Infection with severe acute respiratory syndrome coronavirus 2 (SARS-CoV-2) produces the coronavirus disease of 2019 (COVID-19), primarily presenting with respiratory symptoms, including cough, shortness of breath, etc. Respiratory failure can present similarly to a COVID-19 infection, and COVID-19 infection can cause respiratory failure. Thus, it is important to study respiratory failure, COVID-19, and the interaction between the two in hopes of improving patient outcomes. In this study, we compared mortality rates in patients admitted with COVID-19, respiratory failure, or both. Mortality rates in our study populations were further scrutinized based on patient age.
Materials and methods
Respiratory failure and COVID-19 data were collected via the electronic medical records system at Freeman Health System, a 410-bed, rural hospital, in Neosho and Joplin, Missouri, from April 2020 through December 2021. The patient population included all patients admitted to the hospital with a diagnosis of COVID-19 or respiratory failure, as defined by the International Classification of Disease, Tenth Revision (ICD-10). Patients with or without COVID-19, with or without respiratory failure, and patients with respiratory failure with COVID-19 were included.
There was a significant increase in mortality (17.28%) in patients with COVID-19 and respiratory failure (P1) compared to patients with COVID-19 who did not have respiratory failure (P2). No significance was found when comparing patients with COVID-19 and respiratory failure (P1) and patients with respiratory failure without COVID-19 (P3) (p value=0.4921). In contrast, when divided based on age, we found a significant increase in mortality in patients 65 and older with COVID-19 and respiratory failure compared to patients 65 and older with respiratory failure who did not have COVID-19 (P5). There were no significant mortality increases in other comparisons.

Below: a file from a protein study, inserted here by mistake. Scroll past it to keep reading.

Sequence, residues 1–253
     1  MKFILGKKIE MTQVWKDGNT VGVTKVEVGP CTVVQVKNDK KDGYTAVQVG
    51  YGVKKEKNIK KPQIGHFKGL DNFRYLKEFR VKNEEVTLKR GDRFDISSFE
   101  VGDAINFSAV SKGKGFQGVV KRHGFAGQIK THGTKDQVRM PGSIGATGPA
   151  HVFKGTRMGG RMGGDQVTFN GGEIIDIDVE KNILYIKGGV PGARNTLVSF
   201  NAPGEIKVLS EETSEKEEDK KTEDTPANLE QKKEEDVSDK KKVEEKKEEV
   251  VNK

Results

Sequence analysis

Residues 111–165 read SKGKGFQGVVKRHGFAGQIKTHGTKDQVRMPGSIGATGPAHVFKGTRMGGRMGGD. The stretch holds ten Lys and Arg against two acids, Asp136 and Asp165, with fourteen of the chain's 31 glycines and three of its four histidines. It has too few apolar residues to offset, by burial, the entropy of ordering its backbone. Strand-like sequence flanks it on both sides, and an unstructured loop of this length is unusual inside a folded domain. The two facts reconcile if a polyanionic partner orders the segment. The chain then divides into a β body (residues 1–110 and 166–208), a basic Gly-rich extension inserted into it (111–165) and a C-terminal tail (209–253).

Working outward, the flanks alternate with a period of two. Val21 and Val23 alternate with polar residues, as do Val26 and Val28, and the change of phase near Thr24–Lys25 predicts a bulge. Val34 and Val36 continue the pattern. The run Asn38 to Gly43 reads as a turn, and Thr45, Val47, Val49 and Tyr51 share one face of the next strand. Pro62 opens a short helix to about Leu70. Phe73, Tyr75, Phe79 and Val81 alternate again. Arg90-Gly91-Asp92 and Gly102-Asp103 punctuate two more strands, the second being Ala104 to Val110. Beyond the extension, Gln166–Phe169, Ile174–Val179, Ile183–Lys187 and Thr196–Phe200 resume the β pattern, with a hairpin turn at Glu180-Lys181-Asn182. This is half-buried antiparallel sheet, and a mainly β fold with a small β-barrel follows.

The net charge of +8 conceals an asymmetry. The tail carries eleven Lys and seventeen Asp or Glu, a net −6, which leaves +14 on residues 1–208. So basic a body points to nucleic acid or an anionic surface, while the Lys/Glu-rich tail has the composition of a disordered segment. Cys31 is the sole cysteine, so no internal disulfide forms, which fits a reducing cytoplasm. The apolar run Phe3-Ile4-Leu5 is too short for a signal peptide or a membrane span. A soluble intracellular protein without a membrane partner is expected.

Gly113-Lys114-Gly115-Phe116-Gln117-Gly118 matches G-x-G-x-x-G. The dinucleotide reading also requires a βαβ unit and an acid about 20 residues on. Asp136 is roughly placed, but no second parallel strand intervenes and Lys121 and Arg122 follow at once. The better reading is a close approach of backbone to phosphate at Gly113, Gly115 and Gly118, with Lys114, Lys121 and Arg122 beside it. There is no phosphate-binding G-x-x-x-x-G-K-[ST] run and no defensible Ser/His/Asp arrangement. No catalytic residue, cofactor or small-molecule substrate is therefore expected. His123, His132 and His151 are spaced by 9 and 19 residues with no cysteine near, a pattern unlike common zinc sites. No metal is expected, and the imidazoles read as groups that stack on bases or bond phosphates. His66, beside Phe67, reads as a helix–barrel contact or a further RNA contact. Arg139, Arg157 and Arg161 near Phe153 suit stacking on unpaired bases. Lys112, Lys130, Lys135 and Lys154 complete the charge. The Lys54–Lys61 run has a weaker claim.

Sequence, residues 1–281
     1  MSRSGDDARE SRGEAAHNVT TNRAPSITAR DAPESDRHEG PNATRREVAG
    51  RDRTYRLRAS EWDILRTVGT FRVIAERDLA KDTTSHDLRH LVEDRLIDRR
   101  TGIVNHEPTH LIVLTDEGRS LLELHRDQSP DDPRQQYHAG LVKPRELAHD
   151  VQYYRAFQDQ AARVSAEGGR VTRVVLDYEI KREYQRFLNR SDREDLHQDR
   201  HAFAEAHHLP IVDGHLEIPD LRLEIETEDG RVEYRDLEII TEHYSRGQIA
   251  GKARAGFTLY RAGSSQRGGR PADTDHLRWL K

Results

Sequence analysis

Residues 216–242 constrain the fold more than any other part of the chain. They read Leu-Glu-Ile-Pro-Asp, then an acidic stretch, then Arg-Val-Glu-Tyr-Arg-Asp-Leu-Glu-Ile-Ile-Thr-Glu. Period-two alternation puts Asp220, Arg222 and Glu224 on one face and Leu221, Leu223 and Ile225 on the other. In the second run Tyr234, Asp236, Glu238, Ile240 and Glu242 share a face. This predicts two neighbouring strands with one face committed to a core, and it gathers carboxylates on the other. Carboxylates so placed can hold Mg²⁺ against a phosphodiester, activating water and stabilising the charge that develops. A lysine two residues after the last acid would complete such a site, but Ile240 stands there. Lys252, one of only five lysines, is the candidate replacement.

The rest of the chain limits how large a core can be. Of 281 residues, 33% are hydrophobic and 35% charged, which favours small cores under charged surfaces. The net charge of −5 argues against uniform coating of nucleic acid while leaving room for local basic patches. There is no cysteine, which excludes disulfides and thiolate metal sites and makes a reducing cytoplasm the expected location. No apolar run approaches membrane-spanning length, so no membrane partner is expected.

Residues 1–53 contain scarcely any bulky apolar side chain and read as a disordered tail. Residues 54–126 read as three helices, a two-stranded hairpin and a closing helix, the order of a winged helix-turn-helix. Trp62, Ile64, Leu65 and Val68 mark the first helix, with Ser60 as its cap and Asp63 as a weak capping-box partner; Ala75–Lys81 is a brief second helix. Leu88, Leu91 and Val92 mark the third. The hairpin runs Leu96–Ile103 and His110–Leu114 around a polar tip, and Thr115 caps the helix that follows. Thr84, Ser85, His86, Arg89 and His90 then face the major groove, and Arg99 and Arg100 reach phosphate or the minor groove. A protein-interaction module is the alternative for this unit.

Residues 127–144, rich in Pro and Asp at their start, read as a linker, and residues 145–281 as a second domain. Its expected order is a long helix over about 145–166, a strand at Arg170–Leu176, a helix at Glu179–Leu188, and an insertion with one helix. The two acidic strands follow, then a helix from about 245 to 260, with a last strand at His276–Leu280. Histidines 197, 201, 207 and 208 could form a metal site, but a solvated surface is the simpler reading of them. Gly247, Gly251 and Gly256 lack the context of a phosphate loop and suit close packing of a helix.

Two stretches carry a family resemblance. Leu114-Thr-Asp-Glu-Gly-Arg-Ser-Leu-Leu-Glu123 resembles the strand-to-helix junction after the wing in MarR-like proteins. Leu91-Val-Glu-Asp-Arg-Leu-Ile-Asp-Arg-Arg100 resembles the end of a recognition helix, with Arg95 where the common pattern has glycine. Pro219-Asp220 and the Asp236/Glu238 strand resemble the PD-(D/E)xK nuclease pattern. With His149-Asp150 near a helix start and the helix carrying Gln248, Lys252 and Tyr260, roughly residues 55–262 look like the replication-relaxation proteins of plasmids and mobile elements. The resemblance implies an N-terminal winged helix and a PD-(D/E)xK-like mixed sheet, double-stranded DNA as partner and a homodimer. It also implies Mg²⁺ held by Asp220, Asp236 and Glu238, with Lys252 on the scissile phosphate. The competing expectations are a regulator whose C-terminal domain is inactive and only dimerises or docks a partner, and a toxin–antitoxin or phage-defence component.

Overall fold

When comparing patient populations within the Freeman Health System, patients with COVID-19 and respiratory failure had similar mortality rates as those with respiratory failure without COVID-19, while patients with only COVID-19 had a markedly reduced mortality rate, relatively. The higher mortality rates in patients with only respiratory failure when compared to patients with both respiratory failure and COVID-19 indicate that the presence of respiratory failure likely plays a bigger role in the inflammatory response that reduces one's chance of survival in this setting. Furthermore, age was shown to be a significant risk factor as patients aged 65 and older showed a greater mortality rate when patients had both COVID-19 and respiratory failure compared to patients with both conditions below the age of 65. The decrease in immune response that results in older patients is likely the largest contributing factor along with the increased likelihood of patients in this population also having more comorbidities, further decreasing the chance of survival. Future studies can investigate alternate treatment plans for patients aged 65 and older who are at higher risk of mortality with COVID-19 and respiratory failure.
midwest, mortality, respiratory failure, covid-19, hypercapnia, hypoxia, pulmonology
Kneller A, Abadir C, Amadasu O, Matias M, Arnce R, Beyersdorfer N, Wolff D, Stahl G, Johnson K, Goade S. COVID-19 and Respiratory Failure: A Retrospective Observational Study From a Rural Midwest Hospital. Cureus. 2023; 15(10). doi: 10.7759/cureus.47593.